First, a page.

There are also key health care interventions that can be taken in Zimbabwe to reduce the burden of unsafe abortion on women, their families and the health care system. Reducing unmet need for modern contraception is an essential step to reduce unintended pregnancies, which in turn reduces the risk of unsafe abortion, as well as maternal morbidity and mortality more broadly. These efforts should be comprehensive and be targeted at women with the highest levels of unmet need, including sexually active adolescents. For women who have unsafe abortions or who seek care after using misoprostol, the health care system must be able to provide essential PAC medicines and equipment at all levels and locations of facilities. To reduce unsafe abortions overall, knowledge and use of the current provisions under which abortion can be legally provided must be disseminated. Only 19% of health care providers and 42% of HPS respondents knew the four main conditions under which abortion is legal in Zimbabwe [39]. This massive gap in knowledge shows the importance of ensuring that health care providers and the general public are made aware of the provisions under which they can currently perform as well as access legal abortion. Finally, the most effective way to reduce unsafe abortion at a population level is to liberalize the abortion law. A majority of key stakeholders in the HPS (71%) suggest that liberalizing the abortion law would reduce unsafe abortion in Zimbabwe [39].

This study provides the first national estimates of abortion, unintended pregnancy, and the provision of PAC services in Zimbabwe. These findings are critical for designing evidence-based responses to prevent unintended pregnancies, improve abortion-related services, and expand access to legal and safe abortion. Such efforts are essential to reduce maternal morbidity and mortality, and to improving the lives of women and their families in Zimbabwe.

Supporting information

S1 File. Health Facilities Survey questionnaire.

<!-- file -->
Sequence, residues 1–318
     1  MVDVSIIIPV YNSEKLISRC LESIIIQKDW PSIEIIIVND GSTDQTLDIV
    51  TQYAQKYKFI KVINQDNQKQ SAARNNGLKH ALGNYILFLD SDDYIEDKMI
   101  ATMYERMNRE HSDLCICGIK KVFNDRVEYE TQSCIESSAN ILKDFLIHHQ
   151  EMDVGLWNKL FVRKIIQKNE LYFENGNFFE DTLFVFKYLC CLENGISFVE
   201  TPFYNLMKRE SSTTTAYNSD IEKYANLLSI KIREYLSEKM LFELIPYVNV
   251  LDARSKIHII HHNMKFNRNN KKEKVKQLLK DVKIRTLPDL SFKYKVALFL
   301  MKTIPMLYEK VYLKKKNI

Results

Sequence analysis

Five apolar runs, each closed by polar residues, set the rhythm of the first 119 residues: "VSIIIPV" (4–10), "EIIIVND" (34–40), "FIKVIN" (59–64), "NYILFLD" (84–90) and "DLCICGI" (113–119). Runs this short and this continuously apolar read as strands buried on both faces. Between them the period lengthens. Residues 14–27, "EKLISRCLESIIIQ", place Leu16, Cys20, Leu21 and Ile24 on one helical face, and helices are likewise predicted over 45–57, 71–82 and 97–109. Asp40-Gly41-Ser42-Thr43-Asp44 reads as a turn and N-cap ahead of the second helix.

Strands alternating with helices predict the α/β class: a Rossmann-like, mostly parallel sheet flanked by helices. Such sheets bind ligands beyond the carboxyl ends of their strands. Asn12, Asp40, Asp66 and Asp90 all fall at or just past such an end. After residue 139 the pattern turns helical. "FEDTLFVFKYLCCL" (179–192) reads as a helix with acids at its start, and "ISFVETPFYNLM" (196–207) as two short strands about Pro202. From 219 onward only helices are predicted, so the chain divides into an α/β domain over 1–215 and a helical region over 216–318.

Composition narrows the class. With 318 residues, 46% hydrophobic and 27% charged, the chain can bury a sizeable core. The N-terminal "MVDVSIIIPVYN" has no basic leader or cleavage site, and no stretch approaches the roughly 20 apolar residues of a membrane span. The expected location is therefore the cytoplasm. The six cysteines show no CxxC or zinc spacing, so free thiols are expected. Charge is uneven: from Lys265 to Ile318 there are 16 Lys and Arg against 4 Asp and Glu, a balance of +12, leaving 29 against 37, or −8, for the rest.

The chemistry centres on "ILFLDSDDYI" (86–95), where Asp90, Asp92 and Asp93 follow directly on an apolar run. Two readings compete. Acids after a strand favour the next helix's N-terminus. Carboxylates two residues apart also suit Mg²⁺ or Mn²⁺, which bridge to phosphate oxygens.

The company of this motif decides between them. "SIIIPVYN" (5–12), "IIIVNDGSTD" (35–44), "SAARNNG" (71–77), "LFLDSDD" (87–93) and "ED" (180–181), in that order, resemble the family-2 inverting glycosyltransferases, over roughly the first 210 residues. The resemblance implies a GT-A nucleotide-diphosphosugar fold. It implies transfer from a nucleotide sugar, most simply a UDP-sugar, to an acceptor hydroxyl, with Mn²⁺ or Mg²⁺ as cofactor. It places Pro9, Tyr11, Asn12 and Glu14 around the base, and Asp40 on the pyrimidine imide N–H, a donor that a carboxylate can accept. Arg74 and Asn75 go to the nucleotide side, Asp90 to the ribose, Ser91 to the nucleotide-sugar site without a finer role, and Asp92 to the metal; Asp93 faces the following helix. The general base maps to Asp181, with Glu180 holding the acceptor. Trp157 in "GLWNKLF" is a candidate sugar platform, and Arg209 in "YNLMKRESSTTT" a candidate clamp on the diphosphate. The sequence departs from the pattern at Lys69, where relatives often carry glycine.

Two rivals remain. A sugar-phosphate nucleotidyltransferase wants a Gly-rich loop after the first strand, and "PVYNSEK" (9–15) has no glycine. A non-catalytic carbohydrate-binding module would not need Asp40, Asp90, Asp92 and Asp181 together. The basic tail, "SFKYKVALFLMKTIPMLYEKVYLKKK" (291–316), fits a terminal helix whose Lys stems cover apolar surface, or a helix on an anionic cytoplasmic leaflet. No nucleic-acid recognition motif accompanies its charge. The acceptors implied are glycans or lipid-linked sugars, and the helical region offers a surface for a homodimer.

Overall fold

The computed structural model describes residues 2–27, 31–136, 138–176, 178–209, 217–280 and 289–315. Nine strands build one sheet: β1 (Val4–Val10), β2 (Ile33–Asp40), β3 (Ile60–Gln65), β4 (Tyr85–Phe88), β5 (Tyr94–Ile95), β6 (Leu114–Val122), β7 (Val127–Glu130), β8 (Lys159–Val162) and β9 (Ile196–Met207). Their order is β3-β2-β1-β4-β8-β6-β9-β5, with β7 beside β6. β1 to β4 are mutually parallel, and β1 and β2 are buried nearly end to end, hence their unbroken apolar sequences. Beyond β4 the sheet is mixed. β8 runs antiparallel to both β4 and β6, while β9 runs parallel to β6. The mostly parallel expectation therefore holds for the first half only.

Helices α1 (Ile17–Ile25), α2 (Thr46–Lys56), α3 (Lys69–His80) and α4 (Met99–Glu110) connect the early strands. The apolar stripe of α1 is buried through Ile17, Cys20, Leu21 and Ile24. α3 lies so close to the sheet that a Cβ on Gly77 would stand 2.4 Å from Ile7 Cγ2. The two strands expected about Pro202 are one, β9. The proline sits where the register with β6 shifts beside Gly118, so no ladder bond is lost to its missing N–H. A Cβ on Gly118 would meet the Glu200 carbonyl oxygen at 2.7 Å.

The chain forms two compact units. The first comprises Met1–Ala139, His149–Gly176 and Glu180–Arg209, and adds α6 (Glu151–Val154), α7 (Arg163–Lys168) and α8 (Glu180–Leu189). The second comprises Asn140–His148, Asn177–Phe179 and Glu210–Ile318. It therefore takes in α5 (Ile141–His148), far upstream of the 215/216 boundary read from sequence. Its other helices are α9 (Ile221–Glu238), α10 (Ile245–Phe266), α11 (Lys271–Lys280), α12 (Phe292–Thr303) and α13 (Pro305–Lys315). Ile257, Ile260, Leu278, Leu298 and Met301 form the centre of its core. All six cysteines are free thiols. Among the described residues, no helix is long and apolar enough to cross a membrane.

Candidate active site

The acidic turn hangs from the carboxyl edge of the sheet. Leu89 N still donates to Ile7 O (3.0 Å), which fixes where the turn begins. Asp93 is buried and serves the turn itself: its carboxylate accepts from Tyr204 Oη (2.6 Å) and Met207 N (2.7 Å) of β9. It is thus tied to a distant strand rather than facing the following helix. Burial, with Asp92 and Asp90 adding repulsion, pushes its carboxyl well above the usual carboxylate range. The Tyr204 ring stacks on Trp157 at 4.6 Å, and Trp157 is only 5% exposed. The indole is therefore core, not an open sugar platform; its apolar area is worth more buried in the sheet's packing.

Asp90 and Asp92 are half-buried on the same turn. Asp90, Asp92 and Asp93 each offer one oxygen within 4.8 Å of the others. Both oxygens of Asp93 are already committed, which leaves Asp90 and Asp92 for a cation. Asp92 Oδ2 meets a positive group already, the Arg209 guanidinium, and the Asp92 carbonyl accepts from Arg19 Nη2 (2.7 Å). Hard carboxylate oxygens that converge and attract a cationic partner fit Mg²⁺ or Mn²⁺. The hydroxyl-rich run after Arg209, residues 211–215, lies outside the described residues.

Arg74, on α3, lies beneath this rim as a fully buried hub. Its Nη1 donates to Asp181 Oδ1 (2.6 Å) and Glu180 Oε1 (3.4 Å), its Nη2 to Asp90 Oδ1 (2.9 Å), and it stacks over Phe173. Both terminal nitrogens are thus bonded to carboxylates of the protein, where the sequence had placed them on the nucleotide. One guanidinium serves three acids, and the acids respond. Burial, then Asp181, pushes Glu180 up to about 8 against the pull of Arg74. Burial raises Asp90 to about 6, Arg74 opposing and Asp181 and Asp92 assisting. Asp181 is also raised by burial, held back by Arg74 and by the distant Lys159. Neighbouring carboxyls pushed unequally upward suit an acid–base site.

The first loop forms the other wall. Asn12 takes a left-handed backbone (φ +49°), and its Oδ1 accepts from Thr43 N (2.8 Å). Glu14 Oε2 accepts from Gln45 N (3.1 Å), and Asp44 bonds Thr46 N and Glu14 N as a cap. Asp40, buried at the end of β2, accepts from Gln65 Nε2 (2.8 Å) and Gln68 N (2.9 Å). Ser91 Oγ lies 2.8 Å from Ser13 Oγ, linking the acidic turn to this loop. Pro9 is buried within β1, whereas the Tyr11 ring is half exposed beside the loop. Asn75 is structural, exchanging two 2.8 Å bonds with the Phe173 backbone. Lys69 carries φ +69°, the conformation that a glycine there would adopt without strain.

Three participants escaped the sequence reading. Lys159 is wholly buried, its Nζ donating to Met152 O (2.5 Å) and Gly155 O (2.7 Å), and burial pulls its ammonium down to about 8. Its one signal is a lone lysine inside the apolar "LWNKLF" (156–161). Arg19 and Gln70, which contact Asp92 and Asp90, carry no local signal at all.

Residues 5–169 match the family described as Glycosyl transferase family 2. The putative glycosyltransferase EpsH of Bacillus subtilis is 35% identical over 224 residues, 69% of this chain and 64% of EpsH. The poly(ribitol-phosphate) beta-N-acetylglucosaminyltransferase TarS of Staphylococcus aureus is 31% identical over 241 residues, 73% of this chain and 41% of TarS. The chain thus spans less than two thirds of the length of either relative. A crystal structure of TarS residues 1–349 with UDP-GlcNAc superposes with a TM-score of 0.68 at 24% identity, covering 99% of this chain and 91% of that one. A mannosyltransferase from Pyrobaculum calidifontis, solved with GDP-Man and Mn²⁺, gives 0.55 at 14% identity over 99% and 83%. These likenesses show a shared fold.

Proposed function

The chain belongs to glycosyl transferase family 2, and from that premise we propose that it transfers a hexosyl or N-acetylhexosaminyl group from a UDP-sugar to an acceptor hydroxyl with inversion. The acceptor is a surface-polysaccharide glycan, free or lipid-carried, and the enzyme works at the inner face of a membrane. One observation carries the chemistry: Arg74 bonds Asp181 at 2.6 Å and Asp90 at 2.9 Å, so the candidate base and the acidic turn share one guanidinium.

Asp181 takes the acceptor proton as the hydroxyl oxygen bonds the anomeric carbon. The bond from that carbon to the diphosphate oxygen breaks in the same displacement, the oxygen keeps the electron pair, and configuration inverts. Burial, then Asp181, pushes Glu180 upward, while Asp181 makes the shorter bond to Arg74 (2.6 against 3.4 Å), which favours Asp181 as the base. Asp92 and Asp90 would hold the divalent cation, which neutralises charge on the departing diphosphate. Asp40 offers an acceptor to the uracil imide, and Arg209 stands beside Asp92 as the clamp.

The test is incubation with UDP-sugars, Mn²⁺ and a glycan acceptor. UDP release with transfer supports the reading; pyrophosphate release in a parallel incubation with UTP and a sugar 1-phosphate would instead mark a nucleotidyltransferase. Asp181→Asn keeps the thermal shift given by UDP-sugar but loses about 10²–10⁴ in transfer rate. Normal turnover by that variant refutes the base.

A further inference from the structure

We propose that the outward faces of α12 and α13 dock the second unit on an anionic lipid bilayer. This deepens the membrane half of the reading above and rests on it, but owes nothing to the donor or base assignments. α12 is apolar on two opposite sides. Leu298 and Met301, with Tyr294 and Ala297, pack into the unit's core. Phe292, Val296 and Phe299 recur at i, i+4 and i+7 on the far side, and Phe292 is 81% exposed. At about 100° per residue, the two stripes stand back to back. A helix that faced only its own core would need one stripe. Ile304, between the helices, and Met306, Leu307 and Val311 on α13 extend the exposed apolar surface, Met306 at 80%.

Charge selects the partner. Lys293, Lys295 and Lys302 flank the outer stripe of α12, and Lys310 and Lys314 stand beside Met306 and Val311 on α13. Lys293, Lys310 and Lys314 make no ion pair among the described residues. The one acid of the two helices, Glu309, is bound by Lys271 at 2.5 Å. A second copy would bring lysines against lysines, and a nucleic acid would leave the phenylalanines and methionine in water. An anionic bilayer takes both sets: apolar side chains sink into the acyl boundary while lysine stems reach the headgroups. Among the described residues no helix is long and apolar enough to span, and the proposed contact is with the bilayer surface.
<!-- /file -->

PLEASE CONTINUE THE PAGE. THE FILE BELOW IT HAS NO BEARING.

S2 File. Prospective Morbidity Survey questionnaire.


S3 File. Health Professionals Survey questionnaire.


S4 File. Health Professionals Survey questionnaire visual aid.


S1 Appendix. Appendix A: Mathematical appendix for the abortion Incidence Complications Methodology (AICM).


S2 Appendix. Appendix B: Removing referrals from estimated caseloads by data source.


S3 Appendix. Appendix C: Estimated post-abortion care caseloads by data source.



We greatly appreciate the hard work of our field team, including Engeline Mawere, Olga Chisango, Sunhurai Mukwambo, Tawanda Nhavira, Sylvia Ngwenya, Steadyfaith Mataga, Freeman Sibanda, Lilian Ngandu, Mildred Senda, Marjory Manjoro, Miriam Washaya, Jane Mandimutsira, Israel Chowa, Loice Mwedziwendira, as well as all of our facility-based interviewers. We are very grateful to all of our respondents who gave their time to participating in this study. We would also like to acknowledge the prior work of Suzanne Bell, Jonathan Bearak, and Jesse Philbin in developing the bootstrapping approach used in this paper.


  1. 1. World Bank. Macro poverty outlook for Zimbabwe [Internet]. Washington, DC: World Bank Group; 2016. Available:
  2. 2. Zimbabwe National Statistics Agency, ICF International. Zimbabwe Demographic and Health Survey 2015: Final Report. 2016.
  3. 3. Zimbabwe Termination of Pregnancy Act [Chapter 15:10] [Internet]. 1977. Available:
  4. 4. Mildred Mapingure v. Minister of Home Affairs and 2 Others (2014), Judgment No. SC 22/14, Civil Appeal No. SC 406/12 Zimbabwe, Supreme Court. Legal Grounds: Reproductive and Sexual Rights in Sub-Saharan African Courts, volume III. Pretoria: PULP; 2017. Available:
  5. 5. Chiweshe MT, Mavuso J, Macleod C. Reproductive justice in context: South African and Zimbabwean women’s narratives of their abortion decision. Feminism & Psychology. 2017;27: 203–224.
  6. 6. Maternowska MC, Mashu A, Moyo P, Withers M, Chipato T. Perceptions of misoprostol among providers and women seeking post-abortion care in Zimbabwe. Reprod Health Matters. 2015;22: 16–25. pmid:25702065
  7. 7. Ganatra B, Gerdts C, Rossier C, Johnson BR, Tunçalp Ö, Assifi A, et al. Global, regional, and subregional classification of abortions by safety, 2010–14: estimates from a Bayesian hierarchical model. The Lancet. 2017;S0140-6738: 31794–4. pmid:28964589
  8. 8. WHO, UNICEF, UNFPA, The World Bank. Trends in maternal mortality: 1990 to 2010: WHO, UNICEF, UNFPA and the World Bank estimates. Geneva: World Health Organization; 2012.
  9. 9. Global Burden of Disease Study 2016. Global Burden of Disease Study 2016 (GBD 2016) Healthcare Access and Quality Index Based on Amenable Mortality 1990–2016. In: Institute for Health Metrics and Evaluation (IHME) [Internet]. 2018 [cited 3 Jan 2018]. Available:
  10. 10. Ministry of Health and Child Welfare Zimbabwe, UNFPA Zimbabwe, Munjanja S, Nystrom L, Nyandoro M, Magwali T. The Zimbabwe Maternal and Perinatal Mortality Study. 2007.
  11. 11. Zimbabwe Ministry of Health and Child Care, Venture Strategies Innovations. Expanding Access to Postabortion Care in Zimbabwe through Integration of Misoprostol. Harare: Zimbabwe Ministry of Health and Child Care; 2013.
  12. 12. Zimbabwe Ministry of Health and Child Care, Chipato T. National Guidelines for Comprehensive Abortion Care in Zimbabwe, 2nd edition. 2014.